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Doctors

Working as part of a team of medical, and non-medical staff, Doctors within primary and secondary care (as well as other settings) help to deliver patient care to the highest standards. There are a wide range of career options available, as well as ample opportunity for further training and development.

With over 60 specialisms, training as a Doctor can open doors for involvement in management, teaching, research and more… knowing with each option that you will be working to make a real difference within people’s lives, helping to alleviate pain, discomfort and other symptoms in patients in your community.

Working within the medical sector can be very rewarding, as you face intellectual and practical challenges to deliver the best possible care for patients, in a career path where each day is varied and interesting.

You can explore a huge range of areas within medicine, including General Practice, Emergency Medicine, Anaesthetics, Surgery, and so many more.

Click below to explore some of the roles (and their entry requirements) that may be of interest within a career in medicine.

Alternatively find out how to make an application at a UK university –

http://www.studyinghealthcare.ac.uk

Anaesthesia

Anaesthetists are based within hospitals and are responsible for administering, as well as selecting the most appropriate, anaesthetics to patients for their surgical and medical (or psychiatric) procedures. This may apply to a number of types of surgery, critical care, childbirth, radiology, dentistry, resuscitation, chronic pain management and more – depending on the specific patient needs, this could be a general, local or regional application. Generally, following the necessary preparation and assessments, anaesthetic is administered using a needle in the patient’s vein; the patient is then monitored by the Anaesthetist throughout their procedure, as well as during reversal and recovery stages.

Typical entry requirements:

  • Completion of a medical degree (requiring relevant A-Level and GSCE qualifications), followed by:
  • Two-year foundation programme, and:
  • Two to three years of core training
  • Experience in the speciality, or in a related field (such as intensive care medicine) would be advantageous to pursuing a career in this area

Emergency Medicine

Doctors within this specialism typically deal with patients with life-threatening, or serious, injuries and illnesses, carrying out assessments and treatments on an immediate level. Conditions you might encounter could include severe bleeds, trauma to the brain or other major organs, loss of consciousness, broken bones, cardiac arrest, breathing difficulties and more.

 Typical entry requirements:

  • Completion of a medical degree (requiring relevant A-Level and GSCE qualifications), followed by:
  • Two-year foundation programme, and:
  • Additional emergency medical training – either RTT (run through training, ST1-ST6) or core training (3 years)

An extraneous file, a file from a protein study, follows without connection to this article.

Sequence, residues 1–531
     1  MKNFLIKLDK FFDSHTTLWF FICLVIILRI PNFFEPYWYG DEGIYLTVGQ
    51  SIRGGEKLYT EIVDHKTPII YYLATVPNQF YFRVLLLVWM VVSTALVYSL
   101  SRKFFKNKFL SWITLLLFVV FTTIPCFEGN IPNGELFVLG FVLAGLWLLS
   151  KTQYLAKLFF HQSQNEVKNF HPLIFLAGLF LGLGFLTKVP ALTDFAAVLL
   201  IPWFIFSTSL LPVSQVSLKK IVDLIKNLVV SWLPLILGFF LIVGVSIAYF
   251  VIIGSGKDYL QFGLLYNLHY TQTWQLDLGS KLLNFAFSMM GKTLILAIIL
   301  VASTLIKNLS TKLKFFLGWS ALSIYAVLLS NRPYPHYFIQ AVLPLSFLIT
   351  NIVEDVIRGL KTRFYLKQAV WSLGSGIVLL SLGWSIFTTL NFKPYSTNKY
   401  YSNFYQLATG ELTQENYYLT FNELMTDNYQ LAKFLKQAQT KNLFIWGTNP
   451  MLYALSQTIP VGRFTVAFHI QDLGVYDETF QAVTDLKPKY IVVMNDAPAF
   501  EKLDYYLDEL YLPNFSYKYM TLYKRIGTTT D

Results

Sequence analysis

• Experience in the speciality, or in a related field (such as intensive care or acute internal medicine) would be advantageous to pursuing a career in this area

General Practice (GP)

A General Practitioner (GP) will treat most common medical conditions, focusing on patient care in a more holistic sense (social and psychological as well as physical care) and referring patients forward to other medical services, such as hospitals, for specialist or urgent treatment.

GPs work as part of a wide healthcare team and are often one of the first points of contact for patients of any age presenting with a wide range of physical or mental health problems. As well as within primary care, GPs occasionally work within hospital teams or run clinics in other settings, such as schools or nursing homes. There is a wide variation of career options and specialisms available to these kinds of doctors.

Typical tasks usually include clinical examinations to assess, diagnose or monitor a patient’s condition (which may involve the use of specialist equipment), carrying out tests and interpreting results, and using basic life support or emergency procedures, as necessary.

Typical entry requirements:

  • Completion of a medical degree (requiring relevant A-Level and GSCE qualifications), and:
  • Two-year foundation programme, is required before:
  • GP Specialist training (typically a minimum of 3 years)
  • Doctors in training, or those who have already qualified in other specialities may apply for GP Specialist training

Paediatrics

Doctors working within Paediatrics focus on managing medical conditions impacting babies and children. The specialism can be divided into four main areas: general paediatrics (hospital-based, covering children from birth all the way up to the age of 16), neonatology (usually within an intensive care unit for new-born babies, including those that are premature), community paediatrics (working with young people with behavioural, developmental or social problems, or physical disabilities) and paediatric cardiology (treating children with heart conditions).

Typical entry requirements:

  • Completion of a medical degree (requiring relevant A-Level and GSCE qualifications), and:
  • Two-year foundation programme (you will need to apply to paediatrics during your F2 year)
  • Completion of 4-7 years of specialist training
  • Additional training will be required to specialise in paediatric cardiology